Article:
At the Beginning of the Road

Dec. 30, 1996

By D.C. Sorensen


Like footprints though the snow, our works and deeds are easy for us to evaluate and ponder if only we turn around and look.  Pondering is one of the few things Man is good at compared to other neighboring species.  After the gaiety of Christmas, many of us get serious and rethink about what we did and where we are going.  The rest just get drunk at a New Year’s party.  As yet, I haven’t decided which group is spending their time more wisely.

There is wisdom in the stance “What the heck- let’s party.”  The ancients even gave it a label and a philosophy.  The label is “carpe diem” with literally translates to “seize the day.”  In plain Anglo-Saxon that means “eat, drink and be merry for tomorrow we die.”  The philosophy is Epicureanism.  Epicurus was a Greek dude who believed we should enjoy all earthly delights as much as we like as long as it does no harm to those around you or to yourself.  He never mentions hangovers as being harmful, so I guess Epicurus enjoyed a good party. 

By nature, I tend to belong to the other group.  I don’t prefer big parties.  I don’t drink more than one or two drinks at a time.  My annual intake of alcohol would probably place me somewhere between a Mormon and Betty Ford.  Long ago I enjoyed a good buzz from drinking, but somewhere in my late twenties I just lost the desire to do so.  I guess I did not see how the headaches or lack of alertness the next day was worth an hour or two of feeling high.  This either makes me particularly superior to drunks or just a dull person.  I don’t disapprove of people getting a buzz form adult beverages.  Most adults use alcohol in reason and most seem to withstand the after-effects better than me.

I tend to enjoy a small party with only a handful of people.  It is fun to sit and have a very long chat with each person.  I enjoy seeing what has been knocking around in their heads.  Life brings many things for us to deal with.  The variety of experience is limitless.  I enjoy this and I enjoy knowing other people’s internal journeys.  Perhaps this is why I enjoy long meals with quiet conversations instead of loud music and forty people.  Even though I have enjoyed the big parties I have been at.  I usually went home thinking about how I did not have time to converse with so-and-so.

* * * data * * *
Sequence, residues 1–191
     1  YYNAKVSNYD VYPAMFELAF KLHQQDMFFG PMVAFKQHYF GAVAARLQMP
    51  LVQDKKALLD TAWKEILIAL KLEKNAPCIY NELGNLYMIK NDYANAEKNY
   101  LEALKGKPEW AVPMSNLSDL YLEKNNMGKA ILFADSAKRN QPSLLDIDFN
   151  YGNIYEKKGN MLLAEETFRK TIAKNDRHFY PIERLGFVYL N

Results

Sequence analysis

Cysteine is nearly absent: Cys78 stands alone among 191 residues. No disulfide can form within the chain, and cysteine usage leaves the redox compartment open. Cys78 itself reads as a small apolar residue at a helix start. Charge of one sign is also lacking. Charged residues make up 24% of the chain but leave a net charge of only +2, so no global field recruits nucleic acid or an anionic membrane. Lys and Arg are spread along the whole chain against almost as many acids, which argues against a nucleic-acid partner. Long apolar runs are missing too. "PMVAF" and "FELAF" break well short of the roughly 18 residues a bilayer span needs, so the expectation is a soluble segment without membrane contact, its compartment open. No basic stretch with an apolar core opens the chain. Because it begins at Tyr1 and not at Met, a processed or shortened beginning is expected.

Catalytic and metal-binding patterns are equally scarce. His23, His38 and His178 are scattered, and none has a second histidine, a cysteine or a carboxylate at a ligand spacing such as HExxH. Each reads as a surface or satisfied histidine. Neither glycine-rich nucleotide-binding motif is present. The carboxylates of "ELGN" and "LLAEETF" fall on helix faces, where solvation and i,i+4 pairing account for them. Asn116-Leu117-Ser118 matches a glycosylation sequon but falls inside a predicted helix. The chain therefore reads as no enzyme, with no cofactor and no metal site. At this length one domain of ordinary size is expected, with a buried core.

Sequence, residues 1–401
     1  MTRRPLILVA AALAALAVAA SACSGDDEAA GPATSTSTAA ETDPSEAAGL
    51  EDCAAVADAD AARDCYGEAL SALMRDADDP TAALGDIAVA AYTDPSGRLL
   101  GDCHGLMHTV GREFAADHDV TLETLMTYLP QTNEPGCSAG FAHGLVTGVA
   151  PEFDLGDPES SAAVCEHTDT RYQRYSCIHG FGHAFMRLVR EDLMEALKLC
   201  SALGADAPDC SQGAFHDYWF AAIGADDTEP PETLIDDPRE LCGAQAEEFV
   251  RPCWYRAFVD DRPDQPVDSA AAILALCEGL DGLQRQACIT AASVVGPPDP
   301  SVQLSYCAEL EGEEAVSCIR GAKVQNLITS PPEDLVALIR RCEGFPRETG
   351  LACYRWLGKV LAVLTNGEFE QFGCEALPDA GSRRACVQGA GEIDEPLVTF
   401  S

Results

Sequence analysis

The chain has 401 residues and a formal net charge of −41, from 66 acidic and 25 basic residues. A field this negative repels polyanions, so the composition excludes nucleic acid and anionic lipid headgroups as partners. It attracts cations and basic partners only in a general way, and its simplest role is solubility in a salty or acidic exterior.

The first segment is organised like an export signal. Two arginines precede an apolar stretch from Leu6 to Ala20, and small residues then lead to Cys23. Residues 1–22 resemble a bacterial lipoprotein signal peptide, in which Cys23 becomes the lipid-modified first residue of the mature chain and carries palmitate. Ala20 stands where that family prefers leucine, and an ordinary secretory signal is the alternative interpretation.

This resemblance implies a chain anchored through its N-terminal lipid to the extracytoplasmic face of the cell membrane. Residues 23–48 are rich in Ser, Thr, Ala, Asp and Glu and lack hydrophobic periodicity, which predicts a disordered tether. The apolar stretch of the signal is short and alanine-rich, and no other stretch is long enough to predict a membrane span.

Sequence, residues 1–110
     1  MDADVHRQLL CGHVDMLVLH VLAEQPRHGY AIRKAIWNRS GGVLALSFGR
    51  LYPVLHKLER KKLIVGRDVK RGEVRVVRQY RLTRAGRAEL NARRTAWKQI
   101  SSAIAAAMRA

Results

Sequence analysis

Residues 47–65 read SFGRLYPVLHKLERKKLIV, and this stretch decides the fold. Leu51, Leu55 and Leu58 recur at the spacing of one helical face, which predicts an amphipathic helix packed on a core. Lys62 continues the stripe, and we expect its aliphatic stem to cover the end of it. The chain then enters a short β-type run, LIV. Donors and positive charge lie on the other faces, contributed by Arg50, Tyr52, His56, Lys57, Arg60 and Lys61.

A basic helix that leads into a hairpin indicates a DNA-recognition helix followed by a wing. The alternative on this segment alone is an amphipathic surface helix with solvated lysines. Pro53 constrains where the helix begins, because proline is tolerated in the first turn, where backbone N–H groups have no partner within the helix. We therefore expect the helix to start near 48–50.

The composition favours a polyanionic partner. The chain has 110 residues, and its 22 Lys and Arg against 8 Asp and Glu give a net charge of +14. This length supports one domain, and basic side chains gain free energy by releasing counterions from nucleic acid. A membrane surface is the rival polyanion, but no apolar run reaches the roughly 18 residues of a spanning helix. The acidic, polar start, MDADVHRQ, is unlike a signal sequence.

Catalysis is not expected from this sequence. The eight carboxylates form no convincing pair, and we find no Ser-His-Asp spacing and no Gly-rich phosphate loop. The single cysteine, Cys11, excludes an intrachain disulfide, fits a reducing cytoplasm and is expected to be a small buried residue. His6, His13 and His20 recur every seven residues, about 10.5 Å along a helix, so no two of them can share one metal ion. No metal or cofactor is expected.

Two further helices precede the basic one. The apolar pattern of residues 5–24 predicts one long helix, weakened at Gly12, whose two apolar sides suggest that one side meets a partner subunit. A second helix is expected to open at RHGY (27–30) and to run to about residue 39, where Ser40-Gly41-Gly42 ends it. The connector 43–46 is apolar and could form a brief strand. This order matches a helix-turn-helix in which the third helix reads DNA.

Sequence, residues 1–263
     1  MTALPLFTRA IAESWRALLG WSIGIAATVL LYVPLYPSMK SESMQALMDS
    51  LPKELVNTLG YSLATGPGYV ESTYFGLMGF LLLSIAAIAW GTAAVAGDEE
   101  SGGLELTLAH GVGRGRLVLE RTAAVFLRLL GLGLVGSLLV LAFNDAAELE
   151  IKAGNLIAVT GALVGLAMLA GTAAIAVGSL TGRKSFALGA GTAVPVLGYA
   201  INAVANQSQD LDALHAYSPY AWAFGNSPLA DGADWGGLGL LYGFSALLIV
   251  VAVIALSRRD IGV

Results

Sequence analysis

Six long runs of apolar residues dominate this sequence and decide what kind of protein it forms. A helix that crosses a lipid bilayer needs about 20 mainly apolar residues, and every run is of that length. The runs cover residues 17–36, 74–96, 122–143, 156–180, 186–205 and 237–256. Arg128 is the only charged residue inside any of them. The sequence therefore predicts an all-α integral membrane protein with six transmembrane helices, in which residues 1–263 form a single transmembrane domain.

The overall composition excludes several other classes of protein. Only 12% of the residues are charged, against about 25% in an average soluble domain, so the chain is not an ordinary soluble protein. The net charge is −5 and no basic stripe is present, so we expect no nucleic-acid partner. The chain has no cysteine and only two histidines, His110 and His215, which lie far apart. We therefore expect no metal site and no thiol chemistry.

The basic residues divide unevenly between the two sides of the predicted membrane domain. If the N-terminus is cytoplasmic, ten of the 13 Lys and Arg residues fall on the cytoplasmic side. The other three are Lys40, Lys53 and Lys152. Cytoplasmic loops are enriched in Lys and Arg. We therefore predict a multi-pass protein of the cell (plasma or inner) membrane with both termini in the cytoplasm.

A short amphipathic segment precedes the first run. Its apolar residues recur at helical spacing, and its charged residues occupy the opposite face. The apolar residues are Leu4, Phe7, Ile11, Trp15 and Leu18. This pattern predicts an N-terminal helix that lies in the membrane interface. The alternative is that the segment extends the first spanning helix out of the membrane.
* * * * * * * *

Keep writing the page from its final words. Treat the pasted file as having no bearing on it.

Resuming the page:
I spend most New Year’s Eves with my wife and children.  We talk about what the children have accomplished.  We talk about what we’d like to do next year.  The kidlets make long lists of resolutions and I make none.  Though this year, I did have one resolution that I actually kept.  I had resolved in 1996 not to visit my main place of employment.  I succeeded.  I am a true virtual employee.  I contact the radio station I work for only by phone, fax, or email.  I avoid all the office politics, turf struggles and meetings.

In reflecting upon the past year I find it important to remember that much of what is sent our way is beyond our control.  We are part of a free universe that creates unpredictable results.  Weathermen can’t predict the weather three days in advance and I can’t predict what I will be doing three hours hence.  Like everyone else, I have a list of what I want to accomplish and I try to fit it in between all the things I have to do that chance throws in my way.  On a good day, I can do about half of what I want and half what chance wants done. 

So when you look back on your tracks in the snow, remember that you did put them there, but that you still had to step around trees, rocks and bushes that came in your way.  It is best not to become maudlin about the past.  Other may have happier paths, but what counts in my book is the quiet wisdom you acquire in your unique life.  I can’t superficially tell you to be happy because the best is yet to come.  That advice is only good for the young. 

As an adult, we have all made the leap to our future and it is not totally up to us as to where we will land.  Of course, the ultimate is dealing with the “D” word, but that is something unavoidable so it is best to press on as if it does not exist.  I don’t believe death should be the determining factor to living.  It is life that counts.

The tracks I have left leave as many questions as the tracks I find from other people.  There is beauty in the snowy world of ours.  Let us keep our eyes open.  Enjoy tracking life and enjoy leaving tracks.  Happy New Year to all.


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